Russia, China May Sign 5-Year Agreement on Joint Space Exploration

ESA and Chinese astronauts train together

ROCKET SCIENCE
ASTROSCALE Raises a Total of $25 Million in Series C Led by Private Companies

LISA Pathfinder: bake, rattle and roll

Bids for government funding prove strong interest in LaunchUK

Blue Sky Network Reaffirms Commitment to Brazilian Market

ROCKET SCIENCE
New tools for exploring the surface of Mars

192 Indian space objects currently in orbit

Molecules move faster near sticky surfaces

Europe's biggest X-ray laser begins operations

ROCKET SCIENCE
Climate change for aliens

X-Rays Reveal Temperament of Possible Planet-Hosting Stars

X-rays Reveal Temperament of Possible Planet-hosting Stars

Could TRAPPIST-1's Seven Earth-size Planets Have Gas Giant Siblings

ROCKET SCIENCE
Jupiter's Auroras Present a Powerful Mystery

Pluto features given first official names

Juno Scientists Prepare for Seventh Science Pass of Jupiter

New Horizons Files Flight Plan for 2019 Flyby




Memory Foam Mattress Review
Newsletters :: SpaceDaily :: SpaceWar :: TerraDaily :: Energy Daily
XML Feeds :: Space News :: Earth News :: War News :: Solar Energy News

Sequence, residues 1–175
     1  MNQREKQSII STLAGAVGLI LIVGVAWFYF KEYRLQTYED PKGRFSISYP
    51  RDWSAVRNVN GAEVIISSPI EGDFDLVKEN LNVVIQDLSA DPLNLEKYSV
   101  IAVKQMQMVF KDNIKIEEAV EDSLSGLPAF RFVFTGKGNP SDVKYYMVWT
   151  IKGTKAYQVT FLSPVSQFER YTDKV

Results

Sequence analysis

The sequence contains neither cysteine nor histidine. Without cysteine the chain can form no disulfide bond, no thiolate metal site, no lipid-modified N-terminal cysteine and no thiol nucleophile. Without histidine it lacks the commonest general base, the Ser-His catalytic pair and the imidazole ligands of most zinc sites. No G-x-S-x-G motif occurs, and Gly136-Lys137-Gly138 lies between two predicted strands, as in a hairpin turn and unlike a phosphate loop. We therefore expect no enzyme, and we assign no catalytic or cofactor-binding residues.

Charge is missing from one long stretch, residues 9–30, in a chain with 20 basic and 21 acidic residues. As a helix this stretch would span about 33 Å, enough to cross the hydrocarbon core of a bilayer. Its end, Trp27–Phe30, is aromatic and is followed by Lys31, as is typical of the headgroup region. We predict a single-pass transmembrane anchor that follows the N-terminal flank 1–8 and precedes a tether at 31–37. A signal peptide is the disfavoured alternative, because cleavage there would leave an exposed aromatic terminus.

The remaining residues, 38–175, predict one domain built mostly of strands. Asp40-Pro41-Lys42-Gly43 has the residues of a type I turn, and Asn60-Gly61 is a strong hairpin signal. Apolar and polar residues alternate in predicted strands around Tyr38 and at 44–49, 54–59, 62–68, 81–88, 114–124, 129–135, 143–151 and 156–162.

The content herein, unless otherwise known to be public domain, are Copyright 1995-2017 - Space Media Network. All websites are published in Australia and are solely subject to Australian law and governed by Fair Use principals for news reporting and research purposes. AFP, UPI and IANS news wire stories are copyright Agence France-Presse, United Press International and Indo-Asia News Service. ESA news reports are copyright European Space Agency. All NASA sourced material is public domain. Additional copyrights may apply in whole or part to other bona fide parties. All articles labeled "by Staff Writers" include reports supplied to Space Media Network by industry news wires, PR agencies, corporate press officers and the like. Such articles are individually curated and edited by Space Media Network staff on the basis of the report's information value to our industry and professional readership. Advertising does not imply endorsement, agreement or approval of any opinions, statements or information provided by Space Media Network on any Web page published or hosted by Space Media Network. Privacy Statement